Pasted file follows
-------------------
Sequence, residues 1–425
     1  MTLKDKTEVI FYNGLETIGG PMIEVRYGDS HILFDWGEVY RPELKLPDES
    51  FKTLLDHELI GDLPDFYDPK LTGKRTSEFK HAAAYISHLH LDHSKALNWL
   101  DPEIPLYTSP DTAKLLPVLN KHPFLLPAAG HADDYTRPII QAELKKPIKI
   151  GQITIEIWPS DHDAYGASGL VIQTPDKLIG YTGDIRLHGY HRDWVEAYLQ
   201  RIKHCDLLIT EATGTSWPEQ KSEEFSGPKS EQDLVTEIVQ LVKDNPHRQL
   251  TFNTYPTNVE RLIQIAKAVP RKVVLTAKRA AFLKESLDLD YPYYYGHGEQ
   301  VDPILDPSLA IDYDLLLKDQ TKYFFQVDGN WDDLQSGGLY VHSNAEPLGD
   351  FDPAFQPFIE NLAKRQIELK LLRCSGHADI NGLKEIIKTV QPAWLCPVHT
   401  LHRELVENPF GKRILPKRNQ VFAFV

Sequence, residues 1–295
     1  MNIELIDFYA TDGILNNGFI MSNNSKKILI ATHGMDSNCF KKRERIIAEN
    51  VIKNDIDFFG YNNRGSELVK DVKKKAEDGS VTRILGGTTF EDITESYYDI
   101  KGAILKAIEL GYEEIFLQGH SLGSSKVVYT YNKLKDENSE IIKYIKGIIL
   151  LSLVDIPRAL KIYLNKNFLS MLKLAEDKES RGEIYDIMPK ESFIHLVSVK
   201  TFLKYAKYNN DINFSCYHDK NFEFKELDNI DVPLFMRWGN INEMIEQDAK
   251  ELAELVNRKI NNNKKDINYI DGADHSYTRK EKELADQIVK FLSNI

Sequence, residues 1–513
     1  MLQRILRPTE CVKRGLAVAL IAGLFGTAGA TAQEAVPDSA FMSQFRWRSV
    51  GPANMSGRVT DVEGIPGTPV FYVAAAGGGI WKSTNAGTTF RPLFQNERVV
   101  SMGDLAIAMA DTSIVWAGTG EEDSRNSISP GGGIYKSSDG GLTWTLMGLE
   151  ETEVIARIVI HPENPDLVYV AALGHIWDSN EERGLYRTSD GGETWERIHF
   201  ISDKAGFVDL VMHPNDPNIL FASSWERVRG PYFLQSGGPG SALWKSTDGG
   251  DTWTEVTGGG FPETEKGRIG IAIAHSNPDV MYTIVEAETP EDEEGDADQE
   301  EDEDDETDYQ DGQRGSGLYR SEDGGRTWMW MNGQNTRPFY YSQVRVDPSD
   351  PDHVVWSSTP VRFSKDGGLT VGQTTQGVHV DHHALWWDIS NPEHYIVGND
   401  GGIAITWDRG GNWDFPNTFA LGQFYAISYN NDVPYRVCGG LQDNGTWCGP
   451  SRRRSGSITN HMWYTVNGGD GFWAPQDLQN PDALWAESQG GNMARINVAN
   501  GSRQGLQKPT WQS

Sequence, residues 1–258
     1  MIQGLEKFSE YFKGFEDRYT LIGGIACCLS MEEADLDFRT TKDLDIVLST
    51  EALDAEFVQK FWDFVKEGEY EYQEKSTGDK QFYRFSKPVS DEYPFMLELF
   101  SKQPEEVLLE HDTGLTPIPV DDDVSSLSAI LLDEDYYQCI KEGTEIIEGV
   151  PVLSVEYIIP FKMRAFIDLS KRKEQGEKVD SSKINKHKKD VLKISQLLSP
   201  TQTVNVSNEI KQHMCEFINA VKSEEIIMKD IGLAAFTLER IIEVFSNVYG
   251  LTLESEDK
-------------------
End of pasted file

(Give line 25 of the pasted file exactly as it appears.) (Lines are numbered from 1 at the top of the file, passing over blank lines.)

   301  EDEDDETDYQ DGQRGSGLYR SEDGGRTWMW MNGQNTRPFY YSQVRVDPSD